MHCDS student 2022 Ismael Ortega

by Aimee Levitt
Apr. 29, 2024

After he earned his MBA, Ismael Ortega, MHCDS ‘22, began his career working in hedge funds. But he couldn’t imagine spending his life sitting in front of six computer screens for 16 hours a day. So he began thinking about other career paths. Health care attracted him because of its complexity. “There are opportunities to innovate and improve,” he says, “and make a meaningful impact in someone’s day-to-day life.”

He got a job at CHRISTUS, an international network of hospitals and medical centers, in its main office in Dallas. The team there was a small one that worked across many fields, and he was able to work on a variety of projects, including performance improvement, nursing, and ambulatory surgery. He realized he was more interested in operations work than accounting and finance. In conversations with Jeff Puckett, the CHRISTUS COO, Jeff encouraged him to broaden his skill set, and in 2020, he began looking for a program that would help him do just that.

Dartmouth’s Master of Health Care Delivery Science, a joint degree program between Tuck and the Geisel School of Medicine, appealed to him because it was designed for people like him who had already started their careers. He was also attracted to the diversity of the cohort: he would have a chance to work not just with other administrators, but also entrepreneurs and physicians.

“I was so blessed to be accepted into the program,” he says now.

The investment paid off. In the summer of 2023, after nine years at CHRISTUS, he was appointed CEO of the company’s operations in Colombia.

Ortega never thought he would ever work outside the United States. He immigrated to Texas from Mexico when he was four years old with his parents, who were looking for stability and better opportunities, and he stayed there: even his time in MHCDS was mostly remote.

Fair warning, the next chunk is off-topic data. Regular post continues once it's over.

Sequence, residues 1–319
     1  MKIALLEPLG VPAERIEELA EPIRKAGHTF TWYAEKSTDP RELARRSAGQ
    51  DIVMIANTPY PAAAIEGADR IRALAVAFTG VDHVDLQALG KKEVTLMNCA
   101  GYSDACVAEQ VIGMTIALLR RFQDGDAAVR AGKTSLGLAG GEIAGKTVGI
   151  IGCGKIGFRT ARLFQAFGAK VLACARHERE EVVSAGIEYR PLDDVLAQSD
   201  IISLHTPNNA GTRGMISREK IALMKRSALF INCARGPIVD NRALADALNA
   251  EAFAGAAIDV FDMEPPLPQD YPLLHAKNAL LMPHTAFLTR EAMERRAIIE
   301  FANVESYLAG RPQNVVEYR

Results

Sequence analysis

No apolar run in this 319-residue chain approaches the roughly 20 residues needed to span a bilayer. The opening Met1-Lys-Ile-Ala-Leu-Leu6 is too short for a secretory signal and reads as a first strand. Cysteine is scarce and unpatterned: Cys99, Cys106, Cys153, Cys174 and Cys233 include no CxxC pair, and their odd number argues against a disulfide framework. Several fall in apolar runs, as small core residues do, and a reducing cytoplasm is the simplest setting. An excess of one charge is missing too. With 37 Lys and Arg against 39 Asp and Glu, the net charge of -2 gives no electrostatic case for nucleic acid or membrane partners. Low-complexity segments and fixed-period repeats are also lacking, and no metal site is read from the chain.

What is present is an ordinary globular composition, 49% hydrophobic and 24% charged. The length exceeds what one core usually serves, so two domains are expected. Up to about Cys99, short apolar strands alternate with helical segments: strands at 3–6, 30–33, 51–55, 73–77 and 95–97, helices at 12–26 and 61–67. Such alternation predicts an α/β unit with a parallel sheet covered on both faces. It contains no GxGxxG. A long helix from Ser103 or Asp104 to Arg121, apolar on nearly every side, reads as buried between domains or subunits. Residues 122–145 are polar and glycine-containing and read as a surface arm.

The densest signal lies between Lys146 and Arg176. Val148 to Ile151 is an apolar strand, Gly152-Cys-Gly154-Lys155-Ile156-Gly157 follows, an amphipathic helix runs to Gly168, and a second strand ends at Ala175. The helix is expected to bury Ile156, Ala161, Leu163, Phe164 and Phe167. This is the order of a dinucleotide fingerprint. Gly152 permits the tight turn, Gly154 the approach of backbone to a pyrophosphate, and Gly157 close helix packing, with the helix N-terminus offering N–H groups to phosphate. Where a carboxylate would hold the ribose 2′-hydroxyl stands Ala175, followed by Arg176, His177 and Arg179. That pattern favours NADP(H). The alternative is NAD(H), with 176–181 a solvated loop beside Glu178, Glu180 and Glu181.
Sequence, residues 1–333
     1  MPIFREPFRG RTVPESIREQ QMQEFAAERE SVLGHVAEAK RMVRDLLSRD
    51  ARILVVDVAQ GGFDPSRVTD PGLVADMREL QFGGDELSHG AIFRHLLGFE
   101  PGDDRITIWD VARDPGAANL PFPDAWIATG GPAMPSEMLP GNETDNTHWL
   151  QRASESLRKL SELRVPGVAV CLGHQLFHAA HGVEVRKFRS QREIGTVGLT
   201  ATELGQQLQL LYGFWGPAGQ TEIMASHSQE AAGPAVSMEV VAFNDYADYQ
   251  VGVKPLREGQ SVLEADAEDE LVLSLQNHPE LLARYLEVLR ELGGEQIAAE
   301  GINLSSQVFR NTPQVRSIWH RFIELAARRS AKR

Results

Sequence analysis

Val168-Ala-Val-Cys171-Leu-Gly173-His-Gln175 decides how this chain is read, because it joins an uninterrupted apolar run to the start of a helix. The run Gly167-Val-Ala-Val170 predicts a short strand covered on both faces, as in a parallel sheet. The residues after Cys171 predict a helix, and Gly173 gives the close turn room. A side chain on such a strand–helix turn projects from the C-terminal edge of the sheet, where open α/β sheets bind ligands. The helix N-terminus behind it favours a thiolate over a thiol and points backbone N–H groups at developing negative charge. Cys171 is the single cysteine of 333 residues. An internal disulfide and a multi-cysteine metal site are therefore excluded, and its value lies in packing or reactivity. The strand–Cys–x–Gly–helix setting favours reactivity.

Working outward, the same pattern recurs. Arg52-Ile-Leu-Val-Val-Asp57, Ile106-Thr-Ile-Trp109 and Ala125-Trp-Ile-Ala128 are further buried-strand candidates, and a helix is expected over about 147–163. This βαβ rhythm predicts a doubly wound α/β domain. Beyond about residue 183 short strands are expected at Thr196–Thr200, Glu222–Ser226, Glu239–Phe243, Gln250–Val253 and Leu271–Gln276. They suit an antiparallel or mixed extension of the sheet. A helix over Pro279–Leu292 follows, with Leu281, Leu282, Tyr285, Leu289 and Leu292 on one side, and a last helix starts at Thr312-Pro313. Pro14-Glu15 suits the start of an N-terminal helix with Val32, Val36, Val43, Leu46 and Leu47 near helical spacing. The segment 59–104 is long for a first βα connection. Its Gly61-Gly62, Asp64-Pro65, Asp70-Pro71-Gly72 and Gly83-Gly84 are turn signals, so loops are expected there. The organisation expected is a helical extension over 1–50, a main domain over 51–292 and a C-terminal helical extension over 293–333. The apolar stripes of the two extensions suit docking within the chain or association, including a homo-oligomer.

But the opportunity in Colombia was one he couldn’t refuse. CHRISTUS has a robust health care network throughout Latin America, particularly in Chile and Mexico, and is planning to expand throughout Colombia over the next decade. Ortega was part of the team that negotiated CHRISTUS’s 2016 merger with Coomeva Cooperativa, a Colombian conglomerate, but as CEO, he would have a chance to have a real impact on people’s lives.

So before long, he and his wife Cristina and their two boys had packed up and moved to the Colombian city of Cali. “There’s nothing like living day-to-day in a 3G cell phone world,” he says. “But I have the potential to make a meaningful impact in Colombia. We’ll take the best practices from around the world. If we only apply 20 or 30 percent of those practices, we’ll have a huge effect.”

Colombia has a population of more than 50 million, and it’s shifting rapidly, Ortega says. There’s still a lot of poverty, but the middle class is starting to expand, and many people in rural areas are moving to the cities.

Since the 1990s, the government has been in the process of reforming its health care system with a program similar to Medicare, creating almost universal coverage. But the program is still severely underfunded: Colombia spends less than $500 per patient for annual care. The U.S. spends more than $10,000.

CHRISTUS is finalizing plans to take full ownership of the provider side of the healthcare operations. This larger provider network in Colombia, which includes two hospitals, two medical centers, and a lab business, will allow it to address the needs of more patients, 8-10 million by 2025.

[In health care] there are opportunities to innovate and improve and make a meaningful impact in someone’s day-to-day life.”

Ismael Ortega, MHCDS’22

Ortega is optimistic that he and CHRISTUS will be able to have a significant impact. Colombians, he thinks, are poised to embrace changes in payment models, though there are still relatively few commercial payers. And he has many good examples to work from, including case studies he was exposed to at Dartmouth.

“When I say things are going great, people are skeptical,” Ortega says. “But I sleep better at night. My sleeping aid is that I know our key priorities and our key problem areas and I know how to address or fix them.”